Investigators established flight control continuity for the ailerons, elevators, rudder, aileron trim, elevator trim, and rudder trim systems.
The representative from Beech examined the emergency exit door. He reported that the row of rivets, which connect the door to the airplane, had been pried out. Pry marks were also on the upper left-hand portion of the door. Investigators tested the door's emergency exit handle, and the emergency exit door latch hooks exhibited movement in relation with the handle. The door exhibited continuity.
Investigators examined the airplane's entrance door. The representative from Beech was unable to open the door from the outside. He pointed out that the outer door handle had been sheared off at the rotary torque shaft location as a result of a prying force. The door also exhibited pry marks on the upper and lower right-hand corners. The door could only be opened from the inside with the use of the cabin entrance door operating handle.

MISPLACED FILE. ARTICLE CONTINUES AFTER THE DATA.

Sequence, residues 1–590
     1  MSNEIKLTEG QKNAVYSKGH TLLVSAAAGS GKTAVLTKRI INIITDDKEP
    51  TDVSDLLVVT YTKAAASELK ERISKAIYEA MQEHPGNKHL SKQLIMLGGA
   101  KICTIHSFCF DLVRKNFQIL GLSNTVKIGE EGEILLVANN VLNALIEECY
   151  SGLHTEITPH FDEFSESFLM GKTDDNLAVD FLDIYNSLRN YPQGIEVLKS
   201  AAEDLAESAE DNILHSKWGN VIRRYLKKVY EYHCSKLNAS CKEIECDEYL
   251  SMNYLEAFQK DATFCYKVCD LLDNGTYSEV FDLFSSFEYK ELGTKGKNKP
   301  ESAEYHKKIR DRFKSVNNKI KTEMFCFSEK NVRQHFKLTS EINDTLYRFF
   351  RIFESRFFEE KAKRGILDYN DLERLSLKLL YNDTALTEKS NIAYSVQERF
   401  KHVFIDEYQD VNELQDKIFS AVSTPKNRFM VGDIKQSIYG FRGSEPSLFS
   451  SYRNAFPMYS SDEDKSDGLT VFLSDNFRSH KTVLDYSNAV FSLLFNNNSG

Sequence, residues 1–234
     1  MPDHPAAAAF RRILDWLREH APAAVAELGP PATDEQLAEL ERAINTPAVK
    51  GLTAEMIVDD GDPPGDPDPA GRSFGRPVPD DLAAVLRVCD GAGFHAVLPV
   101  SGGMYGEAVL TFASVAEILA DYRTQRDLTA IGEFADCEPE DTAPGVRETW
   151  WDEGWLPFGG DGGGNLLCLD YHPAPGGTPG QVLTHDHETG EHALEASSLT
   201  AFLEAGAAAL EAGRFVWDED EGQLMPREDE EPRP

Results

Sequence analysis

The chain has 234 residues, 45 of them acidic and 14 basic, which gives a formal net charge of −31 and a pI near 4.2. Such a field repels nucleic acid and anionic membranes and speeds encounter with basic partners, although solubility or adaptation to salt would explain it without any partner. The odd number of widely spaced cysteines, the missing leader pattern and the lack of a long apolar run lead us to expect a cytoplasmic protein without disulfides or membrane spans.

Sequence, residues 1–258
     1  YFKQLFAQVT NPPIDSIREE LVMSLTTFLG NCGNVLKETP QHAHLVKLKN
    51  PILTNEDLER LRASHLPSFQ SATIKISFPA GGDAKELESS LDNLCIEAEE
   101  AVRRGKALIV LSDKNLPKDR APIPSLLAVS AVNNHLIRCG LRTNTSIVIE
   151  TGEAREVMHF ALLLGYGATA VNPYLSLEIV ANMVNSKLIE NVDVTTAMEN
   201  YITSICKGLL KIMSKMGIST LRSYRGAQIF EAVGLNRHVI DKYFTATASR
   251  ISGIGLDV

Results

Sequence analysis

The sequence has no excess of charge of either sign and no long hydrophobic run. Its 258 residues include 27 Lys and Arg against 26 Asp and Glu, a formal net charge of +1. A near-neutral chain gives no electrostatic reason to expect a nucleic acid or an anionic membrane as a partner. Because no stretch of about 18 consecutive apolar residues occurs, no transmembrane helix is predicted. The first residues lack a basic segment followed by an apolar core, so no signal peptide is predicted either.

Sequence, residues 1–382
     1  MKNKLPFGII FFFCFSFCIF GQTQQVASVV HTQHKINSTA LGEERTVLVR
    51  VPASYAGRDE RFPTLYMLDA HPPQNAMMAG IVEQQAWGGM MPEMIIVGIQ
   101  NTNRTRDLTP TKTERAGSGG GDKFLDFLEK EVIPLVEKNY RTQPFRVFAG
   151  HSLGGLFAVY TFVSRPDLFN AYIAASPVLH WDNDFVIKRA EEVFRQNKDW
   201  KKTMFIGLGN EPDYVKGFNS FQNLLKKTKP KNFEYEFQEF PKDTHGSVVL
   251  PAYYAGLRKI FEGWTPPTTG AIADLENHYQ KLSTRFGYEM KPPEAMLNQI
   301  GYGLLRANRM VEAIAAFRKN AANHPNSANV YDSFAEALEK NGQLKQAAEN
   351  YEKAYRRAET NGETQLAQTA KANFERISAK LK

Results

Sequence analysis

Examination of the pilot and copilot seats revealed that both of the seats separated at the bench portion. The front halves of both seats separated, and were hanging down at the support tubes on both sides of the bench portion of the seat.
The pilot operator did not submit a Pilot/Operator Aircraft Accident Report (NTSB Form 6120.1/2).